Terrell Owens is not in Canton this weekend as he officially becomes a Pro Football Hall of Famer, a decision he says he won’t second guess.
Owens told Vaughn McClure of ESPN that he has his own reasons for having his own private Hall of Fame induction event away from the ceremonies in Canton.
“I understand why I made my decision,” Owens said. “I don’t expect everyone to agree with me. But again, obviously the criteria and the system put in place for the Hall of Fame in order for guys like myself to be inducted, there are guidelines that the writers, the sportswriters, are supposed to adhere to. It’s not, not being inducted the first or second ballot, but it’s about the process in which guys are nominated and ultimately inducted. There’s a flaw in that system. So this is not only about me, but it’s about the guys that went before me, that’s going to come after me. And I can make a stand for those guys so they won’t have to go through this situation.”
There may be flaws in the process of picking Hall of Famers, but if that’s the case, what better place for Owens to make his case than at the induction event? Why not attend the ceremony and include some thoughts about the process in his enshrinement speech?
Other Hall of Famers have used the enshrinement event to speak out about players they felt were snubbed. When former Steeler Lynn Swann was enshrined in 2001, he used the opportunity to press the case that his old teammate John Stallworth belonged in the Hall of Fame as well.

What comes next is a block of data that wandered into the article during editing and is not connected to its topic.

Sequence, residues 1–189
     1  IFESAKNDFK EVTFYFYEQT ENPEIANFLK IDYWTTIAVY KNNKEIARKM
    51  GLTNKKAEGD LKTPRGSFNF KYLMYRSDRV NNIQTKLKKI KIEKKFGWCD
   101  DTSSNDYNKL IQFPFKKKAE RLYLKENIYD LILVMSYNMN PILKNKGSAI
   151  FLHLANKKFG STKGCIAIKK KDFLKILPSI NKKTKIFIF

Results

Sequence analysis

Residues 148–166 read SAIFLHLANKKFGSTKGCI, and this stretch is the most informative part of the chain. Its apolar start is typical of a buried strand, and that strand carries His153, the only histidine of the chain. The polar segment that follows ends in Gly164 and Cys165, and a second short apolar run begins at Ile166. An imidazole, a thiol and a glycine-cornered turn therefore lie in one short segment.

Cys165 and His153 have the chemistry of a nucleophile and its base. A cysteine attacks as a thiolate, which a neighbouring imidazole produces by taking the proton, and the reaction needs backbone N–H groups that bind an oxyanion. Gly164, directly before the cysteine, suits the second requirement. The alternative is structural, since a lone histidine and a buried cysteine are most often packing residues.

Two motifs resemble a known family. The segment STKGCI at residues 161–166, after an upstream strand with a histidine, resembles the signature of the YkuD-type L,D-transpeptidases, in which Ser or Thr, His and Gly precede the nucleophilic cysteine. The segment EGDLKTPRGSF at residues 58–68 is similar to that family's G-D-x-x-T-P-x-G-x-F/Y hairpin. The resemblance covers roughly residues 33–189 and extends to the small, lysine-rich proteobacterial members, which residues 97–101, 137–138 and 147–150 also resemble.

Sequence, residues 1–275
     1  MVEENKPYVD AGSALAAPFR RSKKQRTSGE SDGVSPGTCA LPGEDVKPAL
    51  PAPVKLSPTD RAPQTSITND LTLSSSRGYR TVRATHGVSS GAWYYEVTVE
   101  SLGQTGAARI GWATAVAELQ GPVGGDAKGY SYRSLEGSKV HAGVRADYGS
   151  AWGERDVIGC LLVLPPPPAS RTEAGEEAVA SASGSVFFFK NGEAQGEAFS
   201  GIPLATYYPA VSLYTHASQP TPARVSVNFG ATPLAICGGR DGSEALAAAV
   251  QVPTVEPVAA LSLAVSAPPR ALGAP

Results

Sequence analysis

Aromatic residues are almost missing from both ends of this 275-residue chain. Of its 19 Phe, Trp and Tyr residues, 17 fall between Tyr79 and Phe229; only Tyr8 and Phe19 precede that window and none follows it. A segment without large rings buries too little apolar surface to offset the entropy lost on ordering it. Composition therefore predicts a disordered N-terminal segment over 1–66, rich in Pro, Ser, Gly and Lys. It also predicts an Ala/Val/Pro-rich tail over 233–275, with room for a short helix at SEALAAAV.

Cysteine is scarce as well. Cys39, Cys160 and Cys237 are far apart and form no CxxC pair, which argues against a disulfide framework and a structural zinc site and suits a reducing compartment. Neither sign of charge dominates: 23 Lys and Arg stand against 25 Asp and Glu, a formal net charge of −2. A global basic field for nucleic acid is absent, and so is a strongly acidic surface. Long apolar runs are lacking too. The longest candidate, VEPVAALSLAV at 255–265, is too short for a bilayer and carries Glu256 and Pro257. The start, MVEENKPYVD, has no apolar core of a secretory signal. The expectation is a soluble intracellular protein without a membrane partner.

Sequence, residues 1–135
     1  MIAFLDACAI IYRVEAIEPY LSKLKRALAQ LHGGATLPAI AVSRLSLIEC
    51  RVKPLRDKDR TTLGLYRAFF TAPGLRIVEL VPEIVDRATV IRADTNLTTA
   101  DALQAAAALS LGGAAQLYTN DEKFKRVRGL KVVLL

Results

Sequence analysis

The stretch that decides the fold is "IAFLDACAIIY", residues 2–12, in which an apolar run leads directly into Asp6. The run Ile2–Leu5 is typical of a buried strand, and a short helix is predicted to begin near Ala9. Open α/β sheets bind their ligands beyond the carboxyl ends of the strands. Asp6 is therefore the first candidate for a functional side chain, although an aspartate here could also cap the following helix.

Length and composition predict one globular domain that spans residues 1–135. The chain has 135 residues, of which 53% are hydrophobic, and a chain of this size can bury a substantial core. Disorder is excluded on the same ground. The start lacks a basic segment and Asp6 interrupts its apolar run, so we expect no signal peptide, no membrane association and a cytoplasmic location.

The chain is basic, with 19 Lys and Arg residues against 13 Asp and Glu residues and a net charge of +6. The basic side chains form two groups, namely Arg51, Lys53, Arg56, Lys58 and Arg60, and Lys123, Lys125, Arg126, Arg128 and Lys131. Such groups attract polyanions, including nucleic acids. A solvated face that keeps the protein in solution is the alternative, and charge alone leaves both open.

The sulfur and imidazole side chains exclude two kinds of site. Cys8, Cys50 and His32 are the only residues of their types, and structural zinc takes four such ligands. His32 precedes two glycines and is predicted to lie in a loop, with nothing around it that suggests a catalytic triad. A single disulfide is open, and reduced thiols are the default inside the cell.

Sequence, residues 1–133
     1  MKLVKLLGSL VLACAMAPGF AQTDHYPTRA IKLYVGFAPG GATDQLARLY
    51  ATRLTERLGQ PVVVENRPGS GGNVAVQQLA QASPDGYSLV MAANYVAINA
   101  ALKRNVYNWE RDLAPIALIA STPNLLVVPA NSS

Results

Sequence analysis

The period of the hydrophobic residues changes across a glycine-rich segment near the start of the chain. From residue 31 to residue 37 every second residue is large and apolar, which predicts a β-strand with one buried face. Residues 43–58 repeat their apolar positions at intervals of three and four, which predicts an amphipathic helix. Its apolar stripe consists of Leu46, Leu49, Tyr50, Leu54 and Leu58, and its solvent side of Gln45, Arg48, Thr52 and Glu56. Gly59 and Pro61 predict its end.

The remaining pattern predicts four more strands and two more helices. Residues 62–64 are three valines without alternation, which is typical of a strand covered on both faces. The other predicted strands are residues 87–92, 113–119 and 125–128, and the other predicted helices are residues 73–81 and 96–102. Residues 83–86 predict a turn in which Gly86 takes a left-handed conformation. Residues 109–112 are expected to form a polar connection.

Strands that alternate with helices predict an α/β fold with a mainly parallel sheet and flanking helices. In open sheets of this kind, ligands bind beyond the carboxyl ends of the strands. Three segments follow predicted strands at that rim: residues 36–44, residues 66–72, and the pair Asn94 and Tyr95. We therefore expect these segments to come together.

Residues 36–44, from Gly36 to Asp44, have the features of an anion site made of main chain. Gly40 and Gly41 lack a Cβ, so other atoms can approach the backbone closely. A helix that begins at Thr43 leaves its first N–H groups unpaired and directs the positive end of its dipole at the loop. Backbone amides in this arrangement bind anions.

“This is the single greatest honor in my life,” Swann said in his speech. “The single greatest honor of my life. And, if this is the greatest hour of my life, then I would tell you at this moment, this is only a half-hour. It’ll be the greatest hour when I can stand and sit in that back row and John Stallworth is wearing a gold jacket making this speech.”
Sure enough, the voters put Stallworth in the Hall of Fame the next year. Perhaps if Owens were in Canton, he could talk in his speech about what he thinks the voters have missed in the past, and what they should consider in the future. Perhaps some of the players Owens thinks have been overlooked would get into Canton with a nudge from Owens.
But that won’t happen. Owens will be in Chattanooga, Tennessee, making a speech with no Hall of Fame voters present. He may think he’s making a statement, but that statement will fall on deaf ears.